Use the right brushes, textures, patterns and presets that can help with your design. Make sure you don’t use a resource and do little to it and try to call it yours. If you do that, it defeats the purpose of you being a “designer” if you do nothing but edit something that’s already been done.


Finally comes the fun part, the actual design! After steps 1-4 have been carefully completed, I open up my program in getting to work. I take in all of the concepts I’ve grasped onto from my inspiration and get to work. I never try to rush to get my design done because it’d be obvious that I would decide to publish my work. Whenever you feel you don’t feel like working on it anymore (not quite, but take a break), DO IT! If you don’t you put yourself at risk at being lazy which will also be apparent in your design. When you honestly need a break just do it and come back to your design later.

Maybe when you’re designing you get to a point when you can do something that you saw in your “vision.” At this point, search the net for tutorials on how to achieve that specific idea. When all fails, come up with an alternate idea and then go about executing it. Even when that’s done and you still can’t complete your design, just save it try something new. Never throw it away because you never know what you will learn later; you just may have to work on that specific effect at a later time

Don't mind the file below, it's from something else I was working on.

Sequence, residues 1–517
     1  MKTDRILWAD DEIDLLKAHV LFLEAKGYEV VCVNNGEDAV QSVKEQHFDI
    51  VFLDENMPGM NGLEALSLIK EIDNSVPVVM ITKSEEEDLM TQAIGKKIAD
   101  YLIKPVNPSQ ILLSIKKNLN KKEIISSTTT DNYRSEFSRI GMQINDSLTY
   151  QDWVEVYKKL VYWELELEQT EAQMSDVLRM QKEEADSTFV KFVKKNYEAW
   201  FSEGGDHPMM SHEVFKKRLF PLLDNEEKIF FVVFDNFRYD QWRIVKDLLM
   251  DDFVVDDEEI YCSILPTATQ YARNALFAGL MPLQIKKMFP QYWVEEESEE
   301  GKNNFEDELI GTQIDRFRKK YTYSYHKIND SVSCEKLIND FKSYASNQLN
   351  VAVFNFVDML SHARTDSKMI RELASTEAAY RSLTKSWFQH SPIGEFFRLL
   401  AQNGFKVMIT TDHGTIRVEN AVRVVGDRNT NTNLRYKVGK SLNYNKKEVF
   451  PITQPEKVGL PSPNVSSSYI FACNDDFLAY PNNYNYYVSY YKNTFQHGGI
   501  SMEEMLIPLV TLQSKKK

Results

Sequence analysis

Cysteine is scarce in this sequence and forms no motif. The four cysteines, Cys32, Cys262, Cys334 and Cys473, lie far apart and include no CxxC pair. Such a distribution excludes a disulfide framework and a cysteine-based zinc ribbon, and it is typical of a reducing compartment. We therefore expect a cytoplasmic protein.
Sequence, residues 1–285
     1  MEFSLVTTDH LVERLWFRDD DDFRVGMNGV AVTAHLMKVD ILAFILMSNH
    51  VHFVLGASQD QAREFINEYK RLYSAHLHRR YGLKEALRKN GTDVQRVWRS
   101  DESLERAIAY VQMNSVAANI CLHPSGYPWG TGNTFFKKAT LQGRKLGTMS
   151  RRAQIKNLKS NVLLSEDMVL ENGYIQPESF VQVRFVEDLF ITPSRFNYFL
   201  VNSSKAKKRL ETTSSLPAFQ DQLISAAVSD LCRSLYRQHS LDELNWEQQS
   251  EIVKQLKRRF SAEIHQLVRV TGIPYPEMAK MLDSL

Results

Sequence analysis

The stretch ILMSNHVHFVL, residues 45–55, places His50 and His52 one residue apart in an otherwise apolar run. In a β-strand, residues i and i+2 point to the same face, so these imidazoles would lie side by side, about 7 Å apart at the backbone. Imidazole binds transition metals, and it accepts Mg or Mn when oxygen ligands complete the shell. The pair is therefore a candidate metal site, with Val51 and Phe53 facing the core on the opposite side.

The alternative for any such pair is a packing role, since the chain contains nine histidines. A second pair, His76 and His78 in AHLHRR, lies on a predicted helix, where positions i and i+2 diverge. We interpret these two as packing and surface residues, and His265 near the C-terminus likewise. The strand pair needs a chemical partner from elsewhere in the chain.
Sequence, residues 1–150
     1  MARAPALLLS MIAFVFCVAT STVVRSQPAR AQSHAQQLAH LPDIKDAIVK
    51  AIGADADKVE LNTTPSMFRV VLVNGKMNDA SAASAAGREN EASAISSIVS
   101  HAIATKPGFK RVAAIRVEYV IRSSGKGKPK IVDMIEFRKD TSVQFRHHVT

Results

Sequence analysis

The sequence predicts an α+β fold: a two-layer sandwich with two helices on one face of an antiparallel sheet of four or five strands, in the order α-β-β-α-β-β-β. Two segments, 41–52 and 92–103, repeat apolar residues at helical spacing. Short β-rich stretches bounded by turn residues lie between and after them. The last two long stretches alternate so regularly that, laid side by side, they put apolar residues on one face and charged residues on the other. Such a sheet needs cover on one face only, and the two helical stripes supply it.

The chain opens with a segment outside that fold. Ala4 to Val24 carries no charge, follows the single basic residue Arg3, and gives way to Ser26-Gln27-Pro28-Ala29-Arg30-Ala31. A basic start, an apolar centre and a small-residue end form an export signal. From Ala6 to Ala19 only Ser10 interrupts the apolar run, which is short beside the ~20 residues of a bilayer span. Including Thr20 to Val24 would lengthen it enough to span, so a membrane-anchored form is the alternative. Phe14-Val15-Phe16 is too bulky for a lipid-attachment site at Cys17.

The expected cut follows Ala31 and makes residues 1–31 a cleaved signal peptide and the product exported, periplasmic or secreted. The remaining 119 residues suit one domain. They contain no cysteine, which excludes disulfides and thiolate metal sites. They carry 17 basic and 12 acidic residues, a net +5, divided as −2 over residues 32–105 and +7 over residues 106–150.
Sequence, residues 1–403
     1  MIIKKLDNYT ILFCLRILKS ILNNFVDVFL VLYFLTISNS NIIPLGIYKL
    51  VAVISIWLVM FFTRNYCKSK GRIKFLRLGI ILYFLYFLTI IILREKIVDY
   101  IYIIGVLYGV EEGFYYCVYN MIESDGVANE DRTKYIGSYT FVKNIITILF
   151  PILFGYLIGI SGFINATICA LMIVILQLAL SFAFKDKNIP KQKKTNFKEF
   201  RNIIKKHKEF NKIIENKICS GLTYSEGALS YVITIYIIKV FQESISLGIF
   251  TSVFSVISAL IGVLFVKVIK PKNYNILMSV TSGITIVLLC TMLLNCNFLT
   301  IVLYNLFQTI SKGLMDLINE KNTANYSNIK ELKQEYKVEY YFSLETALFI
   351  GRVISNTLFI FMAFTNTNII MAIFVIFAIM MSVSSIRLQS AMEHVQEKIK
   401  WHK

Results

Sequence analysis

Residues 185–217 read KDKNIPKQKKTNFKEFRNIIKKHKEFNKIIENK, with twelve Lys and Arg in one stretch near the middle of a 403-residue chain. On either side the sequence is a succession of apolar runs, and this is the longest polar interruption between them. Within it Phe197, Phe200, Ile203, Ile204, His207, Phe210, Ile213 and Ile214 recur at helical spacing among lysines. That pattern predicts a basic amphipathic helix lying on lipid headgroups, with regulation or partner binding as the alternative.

I usually go through about 2-4 variations of a design before I finally get what I want, hence the example I showed you in the beginning of this post. I realized that the design wasn’t me, that the colors weren’t exactly matching up with my mood and overall I had no theme. I then drew up this steps so that I can come up with something that covered all areas. The only challenging part of this theme was the coding of the top area, but with a look back to PREVIOUS work I was able to complete the layout exactly as I saw it in my head. I told you never to throw away anything! It really can be useful at one point or another.

Where does your inspiration usually come from?
Do you have a plan before you design or do you just go for it?
How many variations do you have before you have your final product?